Scientists have developed a computer modelling simulation to explore how cells of the fruit fly react to changes in the environment. The research is part of an ongoing study that is investigating how external environmental factors impact on health and disease.
The simulation shows how cells of the fruit fly communicate with each other during their development. The current phase of the study looks at how temperature affects cell signalling networks during development. This will help explain how flies – and other organisms – develop across a wide range of temperatures. Dr Martin Baron, lead researcher on the study, said:
“It is exciting that the computer model was able to make predictions that we could test by going back to the fly experiments to investigate the effects of different mutations which alter the components of the cells. It shows us that the model is working well and provides a solid basis on which to develop its sophistication further.”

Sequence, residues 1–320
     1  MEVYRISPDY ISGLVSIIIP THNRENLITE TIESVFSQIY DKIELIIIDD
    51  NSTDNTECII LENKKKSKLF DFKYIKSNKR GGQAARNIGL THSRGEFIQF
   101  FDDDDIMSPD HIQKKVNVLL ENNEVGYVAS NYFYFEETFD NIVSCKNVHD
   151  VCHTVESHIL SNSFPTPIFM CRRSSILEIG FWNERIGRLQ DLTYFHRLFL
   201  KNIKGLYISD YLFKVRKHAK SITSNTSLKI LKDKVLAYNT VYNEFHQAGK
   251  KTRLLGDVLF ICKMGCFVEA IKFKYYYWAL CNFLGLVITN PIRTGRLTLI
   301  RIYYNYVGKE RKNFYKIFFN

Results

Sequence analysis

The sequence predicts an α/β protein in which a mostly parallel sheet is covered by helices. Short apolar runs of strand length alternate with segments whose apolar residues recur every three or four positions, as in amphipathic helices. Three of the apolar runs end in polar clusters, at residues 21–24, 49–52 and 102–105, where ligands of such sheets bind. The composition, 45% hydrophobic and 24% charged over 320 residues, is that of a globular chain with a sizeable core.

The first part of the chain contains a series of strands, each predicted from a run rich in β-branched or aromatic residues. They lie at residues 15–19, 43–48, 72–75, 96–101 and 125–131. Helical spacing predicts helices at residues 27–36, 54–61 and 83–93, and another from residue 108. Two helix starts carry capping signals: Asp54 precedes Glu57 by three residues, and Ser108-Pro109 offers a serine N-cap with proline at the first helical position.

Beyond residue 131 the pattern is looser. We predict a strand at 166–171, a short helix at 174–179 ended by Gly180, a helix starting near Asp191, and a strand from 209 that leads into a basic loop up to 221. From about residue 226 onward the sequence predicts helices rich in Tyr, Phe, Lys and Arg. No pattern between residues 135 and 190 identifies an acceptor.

The next phase of the study will see the team research how cell signalling networks adjust to other environmental changes, including nutrition. Dr Baron said:
“There is a lot of interest in how environmental inputs influence our health and disease by interacting with our genetic makeup. Our initial studies have already shown that changes to the adult fly’s diet can also affect how cells inside a fly communicate with each other and produce responses in certain fly tissues. This is a promising avenue for future studies.”
Baron explains that there are wider implications for understanding human health and disease:
“Many different types of signal control normal development but when some of these signals are mis-activated they can result in the formation of tumours. What we’ve learnt from studying the flies is that some communication signals can arise in different ways and this means that, in cancer, mis-activation of these signals can also occur by different routes. This is important because it can help us to understand how to stop mis-activation from occurring.”